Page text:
Texas' Skrew (2), formed by Angkor Wat's frontman Adam Grossman, propelled the hysterical frenzy of Burning In Water Drowning In Flame (? 1991 - ? ?) with keyboards, samplers and drum-machines, while the Ministry-like synthesis of torrential dance beats and sinister grunge riffs achieved a claustrophobic sense of grandeur on Dusted (? ? - may 1994), an album that sounded like a diary of madness via the many voices of the leader (rap, gospel, opera, etc).

New York's Sister Machine Gun (1), the project of keyboardist Chris Randall, offered a more melodic version of KMFDM on Torture Technique (? ? - jul 1994).

San Francisco's Grotus showed new ways of fusing industrial music and rock music by utilizing a battery of synthesizers, samples, turntables and real drums on Slow Motion Apocalypse (oct/dec 1992 - mar 1993).

New York's Chemlab, with Burn Out At The Hydrogen Bar (? ? - may 1993), Los Angeles' Ethyl Meatplow , with Happy Days Sweetheart (? 1992 - apr 1993), San Francisco's Hate Dept, with Meat Your Maker (? ? - jun 1994), Los Angeles' Drown, with Hold On To The Hollow (? ? - may 1994), were among the pioneers of a genre that was rapidly replacing hardcore as the vehicle of choice for venting existential angst.

San Francisco's Xorcist (Peter Stone) was the most successful of the gothic dance acts, best heard on Damned Souls (? 1991 - ? 1991).

Texas' Mentallo & The Fixer (2) fused synth-pop, EBM and dissonant electronics for the infernal visions of Revelations 23 (? ? - feb 1993) and Where Angels Fear To Tread (? ? - end 1994), a case of unstable retro-chic.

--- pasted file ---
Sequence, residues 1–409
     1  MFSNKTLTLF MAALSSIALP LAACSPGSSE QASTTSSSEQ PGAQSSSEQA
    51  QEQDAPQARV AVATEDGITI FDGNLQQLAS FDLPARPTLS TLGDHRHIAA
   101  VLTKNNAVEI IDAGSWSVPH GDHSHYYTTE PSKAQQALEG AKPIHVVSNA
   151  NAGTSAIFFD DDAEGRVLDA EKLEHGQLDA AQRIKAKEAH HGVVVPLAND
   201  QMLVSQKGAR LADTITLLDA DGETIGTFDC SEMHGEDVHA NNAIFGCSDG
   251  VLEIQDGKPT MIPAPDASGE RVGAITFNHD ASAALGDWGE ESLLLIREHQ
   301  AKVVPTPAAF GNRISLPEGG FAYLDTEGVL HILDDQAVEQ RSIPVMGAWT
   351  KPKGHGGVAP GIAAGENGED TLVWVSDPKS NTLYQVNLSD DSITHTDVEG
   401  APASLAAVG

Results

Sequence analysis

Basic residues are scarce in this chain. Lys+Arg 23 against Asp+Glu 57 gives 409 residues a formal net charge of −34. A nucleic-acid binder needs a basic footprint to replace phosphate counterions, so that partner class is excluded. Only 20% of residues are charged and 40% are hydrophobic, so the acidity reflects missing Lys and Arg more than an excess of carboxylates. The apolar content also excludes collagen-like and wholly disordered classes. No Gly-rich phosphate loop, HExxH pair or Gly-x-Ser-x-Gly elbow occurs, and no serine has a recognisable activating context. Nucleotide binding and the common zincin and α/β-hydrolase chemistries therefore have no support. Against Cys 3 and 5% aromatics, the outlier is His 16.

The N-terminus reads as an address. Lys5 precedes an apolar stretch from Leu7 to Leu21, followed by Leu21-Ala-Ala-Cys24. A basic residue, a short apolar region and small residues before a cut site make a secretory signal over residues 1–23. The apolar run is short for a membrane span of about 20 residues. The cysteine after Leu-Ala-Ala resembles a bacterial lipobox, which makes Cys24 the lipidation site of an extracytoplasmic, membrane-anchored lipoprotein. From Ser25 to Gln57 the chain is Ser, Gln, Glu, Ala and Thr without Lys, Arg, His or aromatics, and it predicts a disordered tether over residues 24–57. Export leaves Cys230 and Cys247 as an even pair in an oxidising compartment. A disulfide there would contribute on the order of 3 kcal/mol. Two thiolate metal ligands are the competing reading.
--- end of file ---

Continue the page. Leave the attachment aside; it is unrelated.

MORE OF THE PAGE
Britain's Cubanate (1) blended anthemic guitar riffs, devilish electronic pulses and sub-human screams like noone else on Cyberia (jul/sep 1994 - oct 1995).

In Europe, aggro progressed thanks to works such as Excluded (jan/apr 1992 - oct 1992) by Denmark's Klute (Claus Larsen of Leaether Strip), and Transmission Pervous (? 1993 - sep 1995) by Germany's Steril.

EBM or "electro" (Cabaret Voltaire, Front Line Assembly, Skinny Puppy, Front 242) became more abrasive, brutal and visceral with Brainstorming (feb/jul 1992 - dec 1992) by Germany's Yelworc (Domink van Reich), Solitary Confinement (jan 1992 - mar 1992) by Denmark's Leaether Strip (Claus Larsen), Stored Images (sep/oct 1995 - nov 1995) by Belgium's Suicide Commando (i.e., Johan Van Roy), Bunkertor 7 (? 1995 - sep 1995) by Germany's :Wumpscut: (Rudy Ratzinger).

Industrial nightmares, 1990-96

Several "industrial" musicians were turning to the original concept of Throbbing Gristle: pure noise.